[14]Interview with AU Special Envoy Strive Masiyiwa on the Launch of the Africa Medical Supplies Platform, Milken Institute. (2020, June 18). Retrieved August 15, 2020, from https://covid19africawatch.org/strive-masiyiwa-africa-medical-supplies-platform/

[15]Afreximbank Announces $3-Million COVID-19 Response Grant for African Countries. (2020, July 17). Retrieved August 20, 2020, from https://www.afreximbank.com/afreximbank-announces-3-million-covid-19-response-grant-for-african-countries/

[16] President Cyril Ramaphosa: Launch of Africa Medical Supplies Platform media briefing. (2020, June 18). Retrieved September 1, 2020, from https://www.gov.za/speeches/medical-supplies-platform-19-jun-2020-0000

Barriers For Migrants

PEAH is pleased to republish an article by AFEW partner organization. AFEW is dedicated to improving the health of key populations in society. With a focus on Eastern Europe and Central Asia, AFEW strives to promote health and increase access to prevention, treatment and care for major public health concerns such as HIV, TB, viral hepatitis, and sexual and reproductive health

First published August 25, 2020 

By Chamid Sulchan

AFEW International intern

Barriers For Migrants

 

The main reason why labour migrants from Tajikistan, Moldova, Belarus and Uzbekistan come to Russia is that there is no work for them in their home countries. Often labour migrants have big families; parents, brothers, sisters, wives and children, and they have to take care of them. Working in Russia is often the only way for them to help their families to survive.

Margarita Abramyan, manager at KOVCHEG Anti-AIDS in Rostov-on-Don, a partner of AFEW International in Russia, has been implementing a project called ”HIV and migrant workers in southern districts” in the framework of the regional approach of the “Bridging the Gaps: health and right for key populations” program. She told us what influences migrants’ access to health services in Russia and how to improve this difficult situation.

How would you describe the access to health services for labour migrants in Russia?

So it really depends on whether you are in Russia legally or illegally. If a migrant comes to Russia legally, he/she receives a residence and work permit with medical insurance. If the migrant is in Russia illegally, this person can stay here up to 90 days. They don´t need to undertake all the documentation procedures and therefore don´t have a medical insurance. To get a legal residence permit or a medical card in Russia, you need to be tested for HIV, viral hepatitis and TB. But the thing is that you have to pay for all these tests yourself, and many migrants cannot afford this.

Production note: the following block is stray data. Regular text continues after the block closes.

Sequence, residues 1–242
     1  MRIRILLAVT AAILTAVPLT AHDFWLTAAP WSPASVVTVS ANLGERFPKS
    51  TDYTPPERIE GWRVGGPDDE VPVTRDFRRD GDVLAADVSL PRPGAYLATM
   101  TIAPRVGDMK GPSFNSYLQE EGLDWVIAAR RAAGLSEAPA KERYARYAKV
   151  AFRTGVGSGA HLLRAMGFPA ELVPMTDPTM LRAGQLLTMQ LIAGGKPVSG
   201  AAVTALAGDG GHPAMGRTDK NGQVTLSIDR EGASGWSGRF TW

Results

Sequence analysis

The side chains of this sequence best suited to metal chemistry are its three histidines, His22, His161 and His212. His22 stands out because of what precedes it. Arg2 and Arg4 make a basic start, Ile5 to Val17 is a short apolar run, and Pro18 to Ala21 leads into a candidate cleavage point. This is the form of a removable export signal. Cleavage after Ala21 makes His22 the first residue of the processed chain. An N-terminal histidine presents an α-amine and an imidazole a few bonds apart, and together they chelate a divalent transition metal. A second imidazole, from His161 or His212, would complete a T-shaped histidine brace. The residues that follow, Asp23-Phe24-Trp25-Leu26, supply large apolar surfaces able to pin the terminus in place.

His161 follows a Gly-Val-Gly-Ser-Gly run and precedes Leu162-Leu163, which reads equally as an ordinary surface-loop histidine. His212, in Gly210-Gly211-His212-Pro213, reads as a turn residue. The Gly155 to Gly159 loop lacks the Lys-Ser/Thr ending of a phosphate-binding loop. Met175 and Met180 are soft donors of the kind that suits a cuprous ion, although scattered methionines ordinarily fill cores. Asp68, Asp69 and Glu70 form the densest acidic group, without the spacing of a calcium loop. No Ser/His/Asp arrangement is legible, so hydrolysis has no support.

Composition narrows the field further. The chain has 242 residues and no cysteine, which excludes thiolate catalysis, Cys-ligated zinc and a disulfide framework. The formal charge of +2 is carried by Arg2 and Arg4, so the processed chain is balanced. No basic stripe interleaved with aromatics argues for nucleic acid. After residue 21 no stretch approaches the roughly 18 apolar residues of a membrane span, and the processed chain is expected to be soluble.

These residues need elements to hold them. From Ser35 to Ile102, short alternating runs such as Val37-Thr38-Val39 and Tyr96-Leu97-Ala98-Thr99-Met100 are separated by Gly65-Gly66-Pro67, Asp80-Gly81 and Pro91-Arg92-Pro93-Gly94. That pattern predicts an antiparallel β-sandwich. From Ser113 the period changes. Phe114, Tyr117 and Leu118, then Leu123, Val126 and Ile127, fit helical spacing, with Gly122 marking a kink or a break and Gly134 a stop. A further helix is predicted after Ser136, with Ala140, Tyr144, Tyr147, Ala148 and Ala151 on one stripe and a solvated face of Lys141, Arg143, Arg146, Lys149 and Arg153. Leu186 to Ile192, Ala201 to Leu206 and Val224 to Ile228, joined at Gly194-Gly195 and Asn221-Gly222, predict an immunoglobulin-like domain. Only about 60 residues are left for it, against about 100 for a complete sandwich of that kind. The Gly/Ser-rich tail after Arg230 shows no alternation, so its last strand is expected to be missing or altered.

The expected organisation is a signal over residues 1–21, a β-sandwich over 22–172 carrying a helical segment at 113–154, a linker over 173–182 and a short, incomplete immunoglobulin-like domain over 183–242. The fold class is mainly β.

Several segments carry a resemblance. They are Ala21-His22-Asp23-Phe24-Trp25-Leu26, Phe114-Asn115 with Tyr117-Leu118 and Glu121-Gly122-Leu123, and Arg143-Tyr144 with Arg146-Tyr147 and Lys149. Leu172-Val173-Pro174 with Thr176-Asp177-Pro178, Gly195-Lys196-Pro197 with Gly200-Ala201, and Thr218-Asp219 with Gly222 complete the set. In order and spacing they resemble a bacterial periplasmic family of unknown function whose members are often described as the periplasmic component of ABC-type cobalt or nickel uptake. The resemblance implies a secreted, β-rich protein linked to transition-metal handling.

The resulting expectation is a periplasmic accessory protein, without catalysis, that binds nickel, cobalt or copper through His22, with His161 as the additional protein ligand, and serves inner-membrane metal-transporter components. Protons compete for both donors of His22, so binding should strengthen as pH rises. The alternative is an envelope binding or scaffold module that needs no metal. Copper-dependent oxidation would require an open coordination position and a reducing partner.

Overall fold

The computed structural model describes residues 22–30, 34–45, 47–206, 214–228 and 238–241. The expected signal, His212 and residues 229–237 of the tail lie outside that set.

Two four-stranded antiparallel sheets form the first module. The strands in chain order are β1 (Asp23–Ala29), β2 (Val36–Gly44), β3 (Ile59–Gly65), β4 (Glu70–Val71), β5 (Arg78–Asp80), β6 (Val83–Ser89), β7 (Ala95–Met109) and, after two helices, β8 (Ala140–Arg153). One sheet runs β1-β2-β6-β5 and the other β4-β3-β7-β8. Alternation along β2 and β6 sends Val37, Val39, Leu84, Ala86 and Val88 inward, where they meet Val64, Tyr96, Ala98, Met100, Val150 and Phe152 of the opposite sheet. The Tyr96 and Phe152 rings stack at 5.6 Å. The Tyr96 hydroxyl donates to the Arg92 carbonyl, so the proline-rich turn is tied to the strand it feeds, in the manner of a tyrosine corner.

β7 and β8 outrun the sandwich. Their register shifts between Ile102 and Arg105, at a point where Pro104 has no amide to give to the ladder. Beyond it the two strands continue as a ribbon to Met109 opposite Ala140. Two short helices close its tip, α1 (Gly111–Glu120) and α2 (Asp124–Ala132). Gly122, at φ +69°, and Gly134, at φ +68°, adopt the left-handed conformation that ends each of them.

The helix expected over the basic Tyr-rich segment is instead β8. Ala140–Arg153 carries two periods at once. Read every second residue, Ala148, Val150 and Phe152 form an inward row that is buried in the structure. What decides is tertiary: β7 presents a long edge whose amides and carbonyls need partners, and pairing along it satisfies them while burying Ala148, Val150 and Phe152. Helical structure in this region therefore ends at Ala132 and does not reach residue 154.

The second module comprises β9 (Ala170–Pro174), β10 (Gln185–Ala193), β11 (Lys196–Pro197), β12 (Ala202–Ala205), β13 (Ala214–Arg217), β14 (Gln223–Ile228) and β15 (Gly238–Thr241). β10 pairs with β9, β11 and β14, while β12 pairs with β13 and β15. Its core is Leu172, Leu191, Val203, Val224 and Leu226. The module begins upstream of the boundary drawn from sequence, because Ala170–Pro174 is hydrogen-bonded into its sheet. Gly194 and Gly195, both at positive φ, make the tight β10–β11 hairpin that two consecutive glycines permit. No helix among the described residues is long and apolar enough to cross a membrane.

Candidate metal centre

Under the migrant medical policy, emergency ambulance assistance and emergency operations are free. If you need an operation that is not absolutely necessary, then you need to pay for this operation yourself.

What are the consequences if labour migrants do not have access to health services?

There are a lot of consequences of the lack of access to health services for labour migrants in Russia. Migrants who come to Russia often work at construction sites, the kind of jobs that are really dangerous and where it´s common to have serious accidents. When a migrant has a serious accident at a construction site and they do not have access to healthcare, they can become an invalid for life.

The big problem is that migrants are actually afraid to get medical help, because medical workers ask for their documents and check if their papers are valid. If medical workers find out that migrants are illegal, then basically they can be thrown out of the country. Another big problem is that HIV positive migrants who come to Russia cannot get Russian citizenship. However, many of those HIV positive migrants come to Russia anyway. They stay in the country illegally and do not have access to healthcare. They often don´t know the condition of their health and cannot get any ART.

What these migrants sometimes do is that they connect or communicate with the non-profit-organizations from Ukraine or Uzbekistan, with countries that have borders with Russia, and then they can get therapy from there. So they could register in Ukraine, for example, and get therapy there and then go back to Russia. We are in contact with these organizations to support migrants. Of course, now with the coronavirus situation it´s a lot more difficult because the borders are closed. So the migrants can´t go back to their own countries and get treatment there.

What are other factors that influence migrants’ access to health services, besides their legal or illegal status?

So other factors include societal denial and ignorance . Russian people and people who come from post-Soviet countries have a very particular mentality – they believe that HIV will never touch them. They think they will never get sick and if they get something, like a flu, then they just drink some herbs, and everything will be fine.